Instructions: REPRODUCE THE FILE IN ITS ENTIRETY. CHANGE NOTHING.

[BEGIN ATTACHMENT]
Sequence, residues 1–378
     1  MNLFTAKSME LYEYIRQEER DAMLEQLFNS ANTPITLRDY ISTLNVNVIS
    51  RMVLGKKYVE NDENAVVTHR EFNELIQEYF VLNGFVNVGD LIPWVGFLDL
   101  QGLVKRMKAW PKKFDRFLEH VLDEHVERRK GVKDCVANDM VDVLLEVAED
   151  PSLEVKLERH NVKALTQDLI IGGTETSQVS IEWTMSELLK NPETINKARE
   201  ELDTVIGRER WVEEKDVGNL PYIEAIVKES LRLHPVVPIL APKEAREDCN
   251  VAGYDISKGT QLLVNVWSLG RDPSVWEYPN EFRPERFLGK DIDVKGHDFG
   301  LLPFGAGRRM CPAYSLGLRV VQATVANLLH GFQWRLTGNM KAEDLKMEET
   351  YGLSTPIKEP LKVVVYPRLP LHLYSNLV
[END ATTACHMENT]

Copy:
Sequence, residues 1–378
     1  MNLFTAKSME LYEYIRQEER DAMLEQLFNS ANTPITLRDY ISTLNVNVIS
    51  RMVLGKKYVE NDENAVVTHR EFNELIQEYF VLNGFVNVGD LIPWVGFLDL
   101  QGLVKRMKAW PKKFDRFLEH VLDEHVERRK GVKDCVANDM VDVLLEVAED
   151  PSLEVKLERH NVKALTQDLI IGGTETSQVS IEWTMSELLK NPETINKARE
   201  ELDTVIGRER WVEEKDVGNL PYIEAIVKES LRLHPVVPIL APKEAREDCN
   251  VAGYDISKGT QLLVNVWSLG RDPSVWEYPN EFRPERFLGK DIDVKGHDFG
   301  LLPFGAGRRM CPAYSLGLRV VQATVANLLH GFQWRLTGNM KAEDLKMEET
   351  YGLSTPIKEP LKVVVYPRLP LHLYSNLV